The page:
International business and trade lawyer, Jon P. Yormick, will be giving 2 presentations this month on international trade issues. On June 10, at the National Association of Credit Management 118th Credit Congress & Expo in Orlando, he will present Navigating Economic Sanctions…Successfully. Yormick’s presentation will be part of an Advanced level session, “International Export Compliance and Fraud Detection.” Co-panelists include the Director of International Trade Compliance for DHL Express Americas Region, a Partner from Bingham Greenebaum Doll LLP, and the Senior Investigator at ConSec Investigations.
On June 19, at the 2014 Upstate New York Trade Conference & Expo in Rochester, Yormick will present on the “deemed export” rule, economic sanctions, FCPA/Antibribery, and antiboycott regulations as part of the Conference’s Export Controls (EAR/ITAR) Track. He will join the U.S. Trade Compliance Manager from Idex Optics & Photonics to discuss these and other export control topics during the session, “Advanced Exporting Issues aka ‘A day in the Life of a Professional Exporter.’” Yormick will then join with other panelists for the “ITAR & EAR Roundtable: Overview of Export Control Reform and Q&A/Forum.” For more information and registration, visit http://bit.ly/LeKSuT.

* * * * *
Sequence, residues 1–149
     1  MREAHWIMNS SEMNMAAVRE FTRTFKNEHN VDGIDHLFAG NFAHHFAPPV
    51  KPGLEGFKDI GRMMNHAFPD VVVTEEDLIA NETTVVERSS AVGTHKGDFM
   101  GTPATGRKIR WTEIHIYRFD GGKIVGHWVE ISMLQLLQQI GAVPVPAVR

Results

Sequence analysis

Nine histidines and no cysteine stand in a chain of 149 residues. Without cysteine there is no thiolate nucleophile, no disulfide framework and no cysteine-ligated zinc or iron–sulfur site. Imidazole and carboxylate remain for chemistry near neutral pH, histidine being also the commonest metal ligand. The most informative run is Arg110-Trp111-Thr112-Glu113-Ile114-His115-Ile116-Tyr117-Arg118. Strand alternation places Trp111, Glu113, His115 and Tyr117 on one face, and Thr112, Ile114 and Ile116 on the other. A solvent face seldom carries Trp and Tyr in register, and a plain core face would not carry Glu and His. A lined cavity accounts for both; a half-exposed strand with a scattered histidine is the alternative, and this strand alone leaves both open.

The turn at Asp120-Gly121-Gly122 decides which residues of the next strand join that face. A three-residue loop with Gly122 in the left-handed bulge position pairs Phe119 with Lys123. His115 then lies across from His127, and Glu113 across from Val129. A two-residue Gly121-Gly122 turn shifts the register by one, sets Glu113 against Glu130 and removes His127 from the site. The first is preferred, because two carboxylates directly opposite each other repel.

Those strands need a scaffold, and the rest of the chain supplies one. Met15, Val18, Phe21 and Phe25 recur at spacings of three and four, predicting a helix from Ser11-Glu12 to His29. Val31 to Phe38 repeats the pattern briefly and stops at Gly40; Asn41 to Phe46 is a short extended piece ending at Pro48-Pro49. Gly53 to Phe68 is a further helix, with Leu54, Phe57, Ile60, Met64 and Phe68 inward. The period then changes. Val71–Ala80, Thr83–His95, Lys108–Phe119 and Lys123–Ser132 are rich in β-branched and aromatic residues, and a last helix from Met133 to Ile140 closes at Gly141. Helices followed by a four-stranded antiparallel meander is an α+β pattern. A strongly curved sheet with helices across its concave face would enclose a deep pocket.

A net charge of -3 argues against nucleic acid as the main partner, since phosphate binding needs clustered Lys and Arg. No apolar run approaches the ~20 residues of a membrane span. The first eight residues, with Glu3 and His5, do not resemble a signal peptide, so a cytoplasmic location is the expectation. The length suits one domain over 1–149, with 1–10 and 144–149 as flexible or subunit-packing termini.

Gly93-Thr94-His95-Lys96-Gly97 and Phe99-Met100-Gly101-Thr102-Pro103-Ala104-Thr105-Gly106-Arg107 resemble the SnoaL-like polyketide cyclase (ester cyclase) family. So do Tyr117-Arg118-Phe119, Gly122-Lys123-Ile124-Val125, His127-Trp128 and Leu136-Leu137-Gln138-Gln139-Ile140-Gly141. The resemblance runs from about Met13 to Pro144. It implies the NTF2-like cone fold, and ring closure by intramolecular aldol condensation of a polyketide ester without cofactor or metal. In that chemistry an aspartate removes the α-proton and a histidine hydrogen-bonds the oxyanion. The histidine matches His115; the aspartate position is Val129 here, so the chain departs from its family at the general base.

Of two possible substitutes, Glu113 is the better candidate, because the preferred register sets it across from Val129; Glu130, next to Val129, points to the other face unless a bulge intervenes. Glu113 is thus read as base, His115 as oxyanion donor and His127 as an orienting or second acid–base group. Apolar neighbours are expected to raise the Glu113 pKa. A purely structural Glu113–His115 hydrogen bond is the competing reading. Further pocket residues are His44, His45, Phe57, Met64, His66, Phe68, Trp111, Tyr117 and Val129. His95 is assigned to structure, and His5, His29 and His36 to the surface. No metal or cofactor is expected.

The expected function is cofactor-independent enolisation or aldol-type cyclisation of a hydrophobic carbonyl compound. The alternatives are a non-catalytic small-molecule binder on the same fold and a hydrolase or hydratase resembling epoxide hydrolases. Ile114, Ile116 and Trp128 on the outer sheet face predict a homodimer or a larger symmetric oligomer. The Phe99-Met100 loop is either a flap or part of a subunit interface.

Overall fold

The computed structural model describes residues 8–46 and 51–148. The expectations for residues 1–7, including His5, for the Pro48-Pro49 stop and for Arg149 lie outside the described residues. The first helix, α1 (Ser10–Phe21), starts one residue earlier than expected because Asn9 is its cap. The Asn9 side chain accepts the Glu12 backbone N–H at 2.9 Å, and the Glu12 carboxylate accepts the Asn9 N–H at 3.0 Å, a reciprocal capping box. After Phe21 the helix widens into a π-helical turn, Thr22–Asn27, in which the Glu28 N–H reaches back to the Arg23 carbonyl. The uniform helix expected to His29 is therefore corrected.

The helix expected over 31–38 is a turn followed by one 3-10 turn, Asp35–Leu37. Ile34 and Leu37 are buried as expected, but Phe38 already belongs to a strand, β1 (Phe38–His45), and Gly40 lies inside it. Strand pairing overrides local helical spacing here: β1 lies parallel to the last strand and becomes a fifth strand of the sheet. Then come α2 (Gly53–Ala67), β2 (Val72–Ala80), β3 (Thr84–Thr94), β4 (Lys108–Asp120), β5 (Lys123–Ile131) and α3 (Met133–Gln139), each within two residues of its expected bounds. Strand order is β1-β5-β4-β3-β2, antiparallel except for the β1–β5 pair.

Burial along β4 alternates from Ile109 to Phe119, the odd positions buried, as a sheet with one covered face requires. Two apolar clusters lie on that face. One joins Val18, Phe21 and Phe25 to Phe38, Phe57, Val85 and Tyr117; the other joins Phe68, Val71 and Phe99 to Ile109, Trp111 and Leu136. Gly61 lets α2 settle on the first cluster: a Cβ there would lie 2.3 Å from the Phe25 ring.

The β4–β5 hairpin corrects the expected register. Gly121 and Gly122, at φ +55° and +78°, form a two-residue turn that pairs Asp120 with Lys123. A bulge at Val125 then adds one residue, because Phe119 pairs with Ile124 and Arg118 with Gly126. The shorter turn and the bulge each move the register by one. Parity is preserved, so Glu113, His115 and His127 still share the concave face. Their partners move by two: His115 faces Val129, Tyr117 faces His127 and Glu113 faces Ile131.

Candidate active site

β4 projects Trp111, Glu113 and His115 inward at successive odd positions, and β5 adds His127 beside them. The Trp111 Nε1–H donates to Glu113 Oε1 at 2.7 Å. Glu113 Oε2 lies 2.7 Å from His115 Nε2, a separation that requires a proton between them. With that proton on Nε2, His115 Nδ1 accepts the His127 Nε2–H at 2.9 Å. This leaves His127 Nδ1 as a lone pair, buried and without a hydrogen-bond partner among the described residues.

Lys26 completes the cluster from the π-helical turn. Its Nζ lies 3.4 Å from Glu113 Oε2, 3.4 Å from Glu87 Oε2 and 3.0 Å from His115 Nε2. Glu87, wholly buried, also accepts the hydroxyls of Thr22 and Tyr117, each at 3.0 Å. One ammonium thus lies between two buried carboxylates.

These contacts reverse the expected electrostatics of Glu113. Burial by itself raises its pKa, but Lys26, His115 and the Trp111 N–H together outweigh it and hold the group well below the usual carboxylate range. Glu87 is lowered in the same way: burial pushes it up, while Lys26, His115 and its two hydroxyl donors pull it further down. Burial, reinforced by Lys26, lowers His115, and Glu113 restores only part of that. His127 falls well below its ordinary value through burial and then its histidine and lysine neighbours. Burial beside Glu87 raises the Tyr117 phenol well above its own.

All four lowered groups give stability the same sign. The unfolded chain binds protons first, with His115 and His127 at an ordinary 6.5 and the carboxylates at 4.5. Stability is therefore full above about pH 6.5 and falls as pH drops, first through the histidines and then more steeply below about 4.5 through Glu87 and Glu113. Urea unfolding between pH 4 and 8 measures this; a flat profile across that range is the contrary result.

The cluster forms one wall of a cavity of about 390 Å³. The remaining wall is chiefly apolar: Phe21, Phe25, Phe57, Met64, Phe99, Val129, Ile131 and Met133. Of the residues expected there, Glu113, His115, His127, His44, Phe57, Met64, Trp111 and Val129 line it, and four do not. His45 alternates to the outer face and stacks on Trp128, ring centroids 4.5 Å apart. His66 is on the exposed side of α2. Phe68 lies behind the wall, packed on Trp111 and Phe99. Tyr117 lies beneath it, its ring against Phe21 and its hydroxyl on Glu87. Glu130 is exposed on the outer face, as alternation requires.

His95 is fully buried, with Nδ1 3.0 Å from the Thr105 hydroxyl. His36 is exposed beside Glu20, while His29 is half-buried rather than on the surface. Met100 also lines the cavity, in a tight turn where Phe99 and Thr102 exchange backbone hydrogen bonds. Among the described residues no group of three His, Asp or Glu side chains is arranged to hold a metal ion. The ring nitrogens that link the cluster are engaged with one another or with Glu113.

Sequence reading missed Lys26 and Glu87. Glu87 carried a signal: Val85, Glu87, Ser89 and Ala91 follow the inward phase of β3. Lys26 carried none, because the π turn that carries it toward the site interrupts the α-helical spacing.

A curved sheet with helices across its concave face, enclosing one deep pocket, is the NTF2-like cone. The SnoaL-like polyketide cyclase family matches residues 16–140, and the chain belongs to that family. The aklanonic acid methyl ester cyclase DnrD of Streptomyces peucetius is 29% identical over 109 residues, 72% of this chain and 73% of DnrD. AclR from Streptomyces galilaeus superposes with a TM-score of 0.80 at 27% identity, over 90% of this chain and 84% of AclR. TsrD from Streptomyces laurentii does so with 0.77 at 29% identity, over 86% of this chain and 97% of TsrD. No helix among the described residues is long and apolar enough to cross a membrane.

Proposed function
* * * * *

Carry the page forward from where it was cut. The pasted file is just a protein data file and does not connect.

Yormick is an experienced international business and trade attorney practicing in the areas Export Controls & Economic Sanctions, Customs & International Trade, and FCPA/Antibribery. He represents U.S. and foreign clients before the U.S. Department of Commerce, Bureau of Industry and Security (BIS), the U.S. Customs and Border Protection (CBP), the U.S. Department of Homeland Security, Immigration and Customs Enforcement (ICE), the U.S. Department of State, Directorate of Defense Trade Controls (DDTC), the U.S. Department of Treasury, Office of Foreign Assets Control (OFAC), and the U.S. International Trade Commission (ITC) on import and export laws and regulations, including the Export Administration Regulations (EAR), and the International Traffic in Arms Regulations (ITAR). His clients include those in the advanced manufacturing, advanced materials, aerospace and defense, distribution, electronics, energy, medical device, oil/gas, pharmaceuticals, professional services, steel, textiles and apparel, and transportation/logistics sectors.
In 2014, Mr. Yormick was appointed by the Secretary of the U.S. Department of Commerce as a member of the Northern Ohio District Export Council, and he was selected to serve on the LL.M. Advisory Board of Case Western Reserve University School of Law. He is also a member of the U.S. Small Business Administration International Trade Task Force – Buffalo District Office. Since 2010, he has served as the Coordinator in Buffalo and Cleveland of the Export Legal Assistance Network, a nationwide network of attorney volunteers organized by the U.S. Department of Commerce, the SBA, and the Federal Bar Association to provide free initial consultations to identify key legal issues for exporting companies.